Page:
Bible interpretation: One Verse Heresies

“… the fountainhead of all false biblical interpretation and of all heresy is invariably the isolation and the absolutising of one single passage.” [Oscar Cullmann]

Christianity, nationalism, and war: * Christianity, nationalism and violence (part 1 & 2); * War and the American Difference by Stanley Hauerwas

* “… how captive is the American church to the idolatry of nationalism (where religion serves the nation as a chaplain to the tribe rather than offering prophetic critique)?”

* “… calling on all Christians to view violence as a morally illegitimate option for a disciple of Jesus, the Prince of Peace rather than swallowing the myth that violence can be a redemptive good.”

* “If I am close to being right about the place of war for sustaining the American difference I find that as a Christian I wish America as a nation was more “secular” and the Christianity of America was less American.”

Church: Why I Stay in Church by Sean Palmer

“This is why I stay.”

Ephesians 5 & family: Gordon Fee on Ephesians 5:18-33 [12:25 min. video]

“… excellent study by Gordon Fee about the cultural background and context of the “household” teachings of Ephesians 5:18-33.”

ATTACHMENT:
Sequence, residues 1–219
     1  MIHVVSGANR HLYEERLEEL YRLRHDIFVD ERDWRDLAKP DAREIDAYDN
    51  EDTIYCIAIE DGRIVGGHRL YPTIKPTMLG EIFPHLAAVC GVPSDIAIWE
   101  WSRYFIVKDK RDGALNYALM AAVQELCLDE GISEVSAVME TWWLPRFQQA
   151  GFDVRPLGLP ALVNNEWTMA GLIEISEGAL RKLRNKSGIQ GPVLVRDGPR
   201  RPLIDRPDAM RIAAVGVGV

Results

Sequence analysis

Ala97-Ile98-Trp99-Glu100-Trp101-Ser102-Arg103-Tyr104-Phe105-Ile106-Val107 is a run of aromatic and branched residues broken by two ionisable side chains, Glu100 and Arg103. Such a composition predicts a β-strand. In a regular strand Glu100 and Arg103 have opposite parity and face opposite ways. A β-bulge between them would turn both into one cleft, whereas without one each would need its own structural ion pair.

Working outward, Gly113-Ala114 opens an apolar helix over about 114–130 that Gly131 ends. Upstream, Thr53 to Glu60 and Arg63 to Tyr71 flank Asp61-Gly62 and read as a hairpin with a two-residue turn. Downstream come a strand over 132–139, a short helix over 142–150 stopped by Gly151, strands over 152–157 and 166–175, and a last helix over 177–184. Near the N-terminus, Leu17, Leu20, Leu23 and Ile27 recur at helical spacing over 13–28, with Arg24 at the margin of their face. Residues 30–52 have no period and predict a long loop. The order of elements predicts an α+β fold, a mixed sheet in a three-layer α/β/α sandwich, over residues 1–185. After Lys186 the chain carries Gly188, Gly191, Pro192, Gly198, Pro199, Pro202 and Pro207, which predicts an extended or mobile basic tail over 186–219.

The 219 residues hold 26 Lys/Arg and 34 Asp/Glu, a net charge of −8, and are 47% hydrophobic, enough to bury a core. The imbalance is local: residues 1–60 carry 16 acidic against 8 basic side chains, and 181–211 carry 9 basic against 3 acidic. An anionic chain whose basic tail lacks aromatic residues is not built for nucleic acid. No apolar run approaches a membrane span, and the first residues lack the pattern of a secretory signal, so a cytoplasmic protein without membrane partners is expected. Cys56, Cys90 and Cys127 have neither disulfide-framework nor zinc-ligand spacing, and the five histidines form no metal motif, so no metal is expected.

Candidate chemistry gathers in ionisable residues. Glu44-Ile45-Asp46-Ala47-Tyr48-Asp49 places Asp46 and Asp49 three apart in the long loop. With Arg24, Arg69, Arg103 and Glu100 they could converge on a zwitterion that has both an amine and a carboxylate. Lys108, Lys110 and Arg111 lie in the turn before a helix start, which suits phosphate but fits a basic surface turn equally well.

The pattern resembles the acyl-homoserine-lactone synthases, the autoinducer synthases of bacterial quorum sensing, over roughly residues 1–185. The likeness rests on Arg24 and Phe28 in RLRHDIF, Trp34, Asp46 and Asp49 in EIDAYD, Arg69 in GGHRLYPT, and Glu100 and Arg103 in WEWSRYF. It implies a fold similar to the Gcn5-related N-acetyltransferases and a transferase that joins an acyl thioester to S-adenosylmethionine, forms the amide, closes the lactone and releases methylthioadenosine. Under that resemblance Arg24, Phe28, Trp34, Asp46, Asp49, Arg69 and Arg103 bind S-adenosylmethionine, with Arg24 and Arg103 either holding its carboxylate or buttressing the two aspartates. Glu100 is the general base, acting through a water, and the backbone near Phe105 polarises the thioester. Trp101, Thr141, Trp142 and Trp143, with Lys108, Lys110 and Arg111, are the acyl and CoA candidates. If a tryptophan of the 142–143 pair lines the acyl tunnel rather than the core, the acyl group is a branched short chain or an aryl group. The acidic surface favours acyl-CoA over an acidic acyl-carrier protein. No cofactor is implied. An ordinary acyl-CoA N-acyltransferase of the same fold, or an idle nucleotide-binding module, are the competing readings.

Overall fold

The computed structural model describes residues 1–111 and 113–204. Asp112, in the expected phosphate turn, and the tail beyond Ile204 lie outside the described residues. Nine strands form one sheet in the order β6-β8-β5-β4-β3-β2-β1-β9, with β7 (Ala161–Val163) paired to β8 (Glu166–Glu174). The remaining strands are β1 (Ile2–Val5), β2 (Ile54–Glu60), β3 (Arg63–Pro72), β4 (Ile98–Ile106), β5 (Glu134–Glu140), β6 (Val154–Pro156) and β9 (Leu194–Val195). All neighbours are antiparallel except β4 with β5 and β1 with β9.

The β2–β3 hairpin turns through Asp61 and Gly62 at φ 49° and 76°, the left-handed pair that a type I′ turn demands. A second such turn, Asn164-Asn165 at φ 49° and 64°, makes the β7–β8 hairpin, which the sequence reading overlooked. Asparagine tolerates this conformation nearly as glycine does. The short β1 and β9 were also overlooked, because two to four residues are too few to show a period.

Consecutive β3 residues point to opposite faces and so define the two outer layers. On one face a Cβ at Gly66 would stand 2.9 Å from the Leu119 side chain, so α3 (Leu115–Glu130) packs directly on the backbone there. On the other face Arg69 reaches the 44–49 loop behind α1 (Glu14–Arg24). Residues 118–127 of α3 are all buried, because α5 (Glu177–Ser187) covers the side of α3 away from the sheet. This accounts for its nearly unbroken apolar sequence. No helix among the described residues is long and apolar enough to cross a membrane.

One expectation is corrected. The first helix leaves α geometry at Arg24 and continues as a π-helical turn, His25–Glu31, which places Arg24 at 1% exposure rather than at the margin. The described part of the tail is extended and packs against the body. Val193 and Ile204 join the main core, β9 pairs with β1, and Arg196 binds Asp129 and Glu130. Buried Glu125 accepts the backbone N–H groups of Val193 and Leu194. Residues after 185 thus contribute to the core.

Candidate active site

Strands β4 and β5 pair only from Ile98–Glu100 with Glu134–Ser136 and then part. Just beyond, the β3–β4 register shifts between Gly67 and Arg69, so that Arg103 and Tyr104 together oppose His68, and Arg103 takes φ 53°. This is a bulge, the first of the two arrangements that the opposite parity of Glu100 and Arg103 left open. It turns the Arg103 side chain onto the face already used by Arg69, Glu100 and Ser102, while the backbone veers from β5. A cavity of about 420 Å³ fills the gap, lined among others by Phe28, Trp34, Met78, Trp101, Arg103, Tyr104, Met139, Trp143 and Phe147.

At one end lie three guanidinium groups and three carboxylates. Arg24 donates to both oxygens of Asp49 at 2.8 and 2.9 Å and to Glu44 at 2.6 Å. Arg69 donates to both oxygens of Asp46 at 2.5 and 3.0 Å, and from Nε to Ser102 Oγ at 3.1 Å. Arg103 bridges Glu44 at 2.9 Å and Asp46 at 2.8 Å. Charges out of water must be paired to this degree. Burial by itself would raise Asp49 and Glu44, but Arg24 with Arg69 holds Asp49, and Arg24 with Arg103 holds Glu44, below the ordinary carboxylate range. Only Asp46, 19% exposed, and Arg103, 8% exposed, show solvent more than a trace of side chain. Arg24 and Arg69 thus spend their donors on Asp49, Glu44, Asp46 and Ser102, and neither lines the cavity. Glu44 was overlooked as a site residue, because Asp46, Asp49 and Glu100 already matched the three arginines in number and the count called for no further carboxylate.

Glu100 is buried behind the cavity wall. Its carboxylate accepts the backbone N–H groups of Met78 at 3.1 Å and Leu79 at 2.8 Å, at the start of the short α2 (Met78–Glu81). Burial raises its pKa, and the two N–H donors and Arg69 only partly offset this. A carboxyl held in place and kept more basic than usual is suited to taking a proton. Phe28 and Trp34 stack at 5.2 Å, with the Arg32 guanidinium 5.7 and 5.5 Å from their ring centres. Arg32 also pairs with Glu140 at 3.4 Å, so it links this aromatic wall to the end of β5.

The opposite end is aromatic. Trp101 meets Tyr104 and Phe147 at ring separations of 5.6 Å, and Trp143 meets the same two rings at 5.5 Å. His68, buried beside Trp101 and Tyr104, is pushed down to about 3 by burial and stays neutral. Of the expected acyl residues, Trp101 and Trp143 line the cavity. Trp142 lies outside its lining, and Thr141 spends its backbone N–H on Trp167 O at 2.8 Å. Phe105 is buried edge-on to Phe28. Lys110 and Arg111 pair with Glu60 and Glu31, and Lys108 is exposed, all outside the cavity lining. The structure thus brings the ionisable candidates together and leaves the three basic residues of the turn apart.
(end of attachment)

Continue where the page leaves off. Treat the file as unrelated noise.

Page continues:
Facebook & marriage: * Does Facebook Wreck Marriages? by Quentin Fottrell; *Can Facebook Cause Marriage Problems by Trey Morgan

* “More than a third of divorce filings last year contained the word Facebook …”

* “Maybe you need a refresher on a few guidelines for married couples. I’ll call them the ’10 Commandments for Facebook and Marriage.'”

Leadership & stress: Stop Stressing by Tim Spivey

“The position that is most dangerous to a leader’s health is what I call the “togetherness position,” in which the leader feels responsible for keeping a system together. … Church leaders often live in the ‘togetherness’ position.”

Ministry: So You’re a Minister … Leaves from a Journal Spanning 20 Years by Bobby Valentine

“What the minister needs to do is develop not so much as a philosophy of ministry as he needs to develop a theological understanding of who he is and what God has called him to do within the body.”

Mission statements: The 140-Character Mission Statement by Michael Hyatt

“… defining the mission statement for your business (or your business idea) in 140 characters or less.”

Parenting: * How To Raise Justice-Minded Kids by Joshua Becker; * Facing the Myth of Redemptive Violence by Walter Wink